Ir J Psychol Med. 2021 Apr 8:1-8. doi: 10.1017/ipm.2021.6. Online ahead of print.
OBJECTIVES: Adolescents with substance use disorders (SUDs) exhibit high rates of comorbid psychological problems. This study aimed to examine the impact of an outpatient substance use treatment programme upon the psychological wellbeing of adolescents.
METHODS: A prospective study was carried out examining psychological symptoms in a group of adolescents attending the Youth Drug and Alcohol (YoDA) Addiction Service in Dublin. Participants were treated with evidenced based psychological models such as cognitive behavioural therapy, motivational interviewing and systemic family therapy. The Becks Youth Inventory was utilised to assess psychological symptoms at treatment entry and repeated three months later at follow up.
RESULTS: Among 36 adolescents who were included in this study, poly-substance misuse was the norm. Almost three-quarter had a cannabis use disorder (CUD). There were significant reductions in mean subscale scores of depression (56.0 to 50.8, p = 0.003), anger (55.2 to 49.5, p < 0.001) and disruptive behaviour (61.6 to 56.5, p = 0.002) at follow up. Although there wasn’t a statistically significant reduction in mean scores for anxiety, we observed a significant proportion of participants (p = 0.008) improving and moving out of a moderate to severe symptom range when examined by category. This was also the case for self-concept (p = 0.04). Furthermore this study revealed a positive correlation between the reduction in days of cannabis use and reduction in depressive scores (Pearson correlation 0.49, p = 0.01) among those with a CUD.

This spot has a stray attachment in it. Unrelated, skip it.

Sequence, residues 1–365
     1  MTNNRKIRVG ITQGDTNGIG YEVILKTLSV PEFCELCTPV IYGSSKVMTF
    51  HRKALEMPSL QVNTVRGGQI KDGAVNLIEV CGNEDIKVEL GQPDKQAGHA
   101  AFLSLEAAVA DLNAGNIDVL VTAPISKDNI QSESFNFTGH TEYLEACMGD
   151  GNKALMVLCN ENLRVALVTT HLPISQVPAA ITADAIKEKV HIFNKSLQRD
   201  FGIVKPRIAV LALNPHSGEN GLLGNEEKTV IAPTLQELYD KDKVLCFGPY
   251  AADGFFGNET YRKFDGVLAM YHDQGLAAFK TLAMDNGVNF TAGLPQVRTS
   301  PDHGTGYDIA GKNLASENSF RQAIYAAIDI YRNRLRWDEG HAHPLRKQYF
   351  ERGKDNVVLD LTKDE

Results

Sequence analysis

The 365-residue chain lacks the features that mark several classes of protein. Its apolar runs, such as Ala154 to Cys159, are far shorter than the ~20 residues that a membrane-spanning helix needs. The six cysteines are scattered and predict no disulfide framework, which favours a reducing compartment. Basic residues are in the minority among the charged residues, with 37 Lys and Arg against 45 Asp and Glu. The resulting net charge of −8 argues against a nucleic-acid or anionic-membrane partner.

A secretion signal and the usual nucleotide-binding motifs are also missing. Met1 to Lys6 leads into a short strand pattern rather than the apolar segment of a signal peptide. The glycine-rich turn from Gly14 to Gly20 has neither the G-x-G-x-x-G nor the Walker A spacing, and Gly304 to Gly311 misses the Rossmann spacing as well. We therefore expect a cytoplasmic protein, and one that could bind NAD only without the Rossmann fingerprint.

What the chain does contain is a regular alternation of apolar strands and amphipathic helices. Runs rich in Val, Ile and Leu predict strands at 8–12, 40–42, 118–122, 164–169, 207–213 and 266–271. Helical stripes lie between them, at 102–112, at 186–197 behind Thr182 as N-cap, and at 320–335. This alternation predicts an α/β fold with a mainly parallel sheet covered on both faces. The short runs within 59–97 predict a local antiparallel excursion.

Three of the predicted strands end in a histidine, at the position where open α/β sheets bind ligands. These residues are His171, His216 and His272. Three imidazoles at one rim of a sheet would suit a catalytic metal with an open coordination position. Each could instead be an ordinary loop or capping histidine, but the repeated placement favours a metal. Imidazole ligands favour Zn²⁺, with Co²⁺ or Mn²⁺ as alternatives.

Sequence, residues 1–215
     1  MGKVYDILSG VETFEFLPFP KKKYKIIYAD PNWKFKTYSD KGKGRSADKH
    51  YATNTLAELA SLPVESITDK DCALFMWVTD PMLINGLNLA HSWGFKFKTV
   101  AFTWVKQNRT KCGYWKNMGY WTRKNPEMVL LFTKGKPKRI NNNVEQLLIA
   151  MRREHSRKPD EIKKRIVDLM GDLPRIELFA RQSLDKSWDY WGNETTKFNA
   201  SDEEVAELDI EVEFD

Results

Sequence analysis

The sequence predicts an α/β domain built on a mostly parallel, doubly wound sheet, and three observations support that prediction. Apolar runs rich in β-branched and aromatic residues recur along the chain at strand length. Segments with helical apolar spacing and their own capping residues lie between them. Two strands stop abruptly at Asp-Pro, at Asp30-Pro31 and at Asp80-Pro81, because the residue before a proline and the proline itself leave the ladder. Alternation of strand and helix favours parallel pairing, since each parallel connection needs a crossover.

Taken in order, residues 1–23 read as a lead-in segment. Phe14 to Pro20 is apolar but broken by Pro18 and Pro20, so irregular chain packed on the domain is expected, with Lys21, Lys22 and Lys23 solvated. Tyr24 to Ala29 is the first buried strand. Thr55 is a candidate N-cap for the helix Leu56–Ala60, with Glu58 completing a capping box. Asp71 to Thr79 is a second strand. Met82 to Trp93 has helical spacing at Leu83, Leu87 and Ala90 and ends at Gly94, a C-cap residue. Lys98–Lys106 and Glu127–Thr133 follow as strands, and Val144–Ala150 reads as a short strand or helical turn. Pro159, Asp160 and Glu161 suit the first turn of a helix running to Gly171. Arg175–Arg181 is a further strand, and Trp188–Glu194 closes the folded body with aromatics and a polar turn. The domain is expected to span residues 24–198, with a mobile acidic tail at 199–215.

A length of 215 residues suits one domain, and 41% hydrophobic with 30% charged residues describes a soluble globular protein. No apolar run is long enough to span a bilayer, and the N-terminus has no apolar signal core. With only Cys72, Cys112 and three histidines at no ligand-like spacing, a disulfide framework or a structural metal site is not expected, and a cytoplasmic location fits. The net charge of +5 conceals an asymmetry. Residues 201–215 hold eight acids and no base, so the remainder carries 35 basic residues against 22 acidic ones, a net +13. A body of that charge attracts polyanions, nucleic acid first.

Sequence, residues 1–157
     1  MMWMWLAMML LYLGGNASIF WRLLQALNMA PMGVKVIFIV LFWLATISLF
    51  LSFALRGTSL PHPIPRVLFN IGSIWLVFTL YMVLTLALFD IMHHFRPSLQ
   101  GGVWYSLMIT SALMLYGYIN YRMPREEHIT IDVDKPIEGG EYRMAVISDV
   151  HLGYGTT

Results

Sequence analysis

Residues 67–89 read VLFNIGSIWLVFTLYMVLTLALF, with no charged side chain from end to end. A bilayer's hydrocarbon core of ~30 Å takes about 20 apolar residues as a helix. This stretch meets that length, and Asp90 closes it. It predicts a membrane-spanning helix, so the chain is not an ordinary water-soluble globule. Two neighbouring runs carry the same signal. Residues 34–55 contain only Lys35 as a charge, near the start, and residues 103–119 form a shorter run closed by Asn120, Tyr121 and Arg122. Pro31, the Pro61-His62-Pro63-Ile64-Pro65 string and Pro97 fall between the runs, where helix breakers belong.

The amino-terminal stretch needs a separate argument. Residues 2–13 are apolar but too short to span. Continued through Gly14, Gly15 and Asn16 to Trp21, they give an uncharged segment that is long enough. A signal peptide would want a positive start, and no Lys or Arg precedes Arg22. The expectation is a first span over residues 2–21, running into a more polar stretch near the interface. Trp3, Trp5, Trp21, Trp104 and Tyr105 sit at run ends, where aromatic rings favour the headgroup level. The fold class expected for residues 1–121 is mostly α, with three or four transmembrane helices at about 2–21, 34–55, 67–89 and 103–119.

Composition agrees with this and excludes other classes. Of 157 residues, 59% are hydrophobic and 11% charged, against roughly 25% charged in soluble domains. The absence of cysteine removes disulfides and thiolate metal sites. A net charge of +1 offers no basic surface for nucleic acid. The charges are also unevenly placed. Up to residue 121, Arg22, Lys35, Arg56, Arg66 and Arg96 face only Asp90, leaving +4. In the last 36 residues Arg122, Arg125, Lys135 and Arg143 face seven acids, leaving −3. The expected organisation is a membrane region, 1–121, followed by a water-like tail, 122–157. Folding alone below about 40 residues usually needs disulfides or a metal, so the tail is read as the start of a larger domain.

CONCLUSION: The findings indicate that substance use treatment for adolescents is associated with important psychological and behavioural improvements.
Source: ncbi 2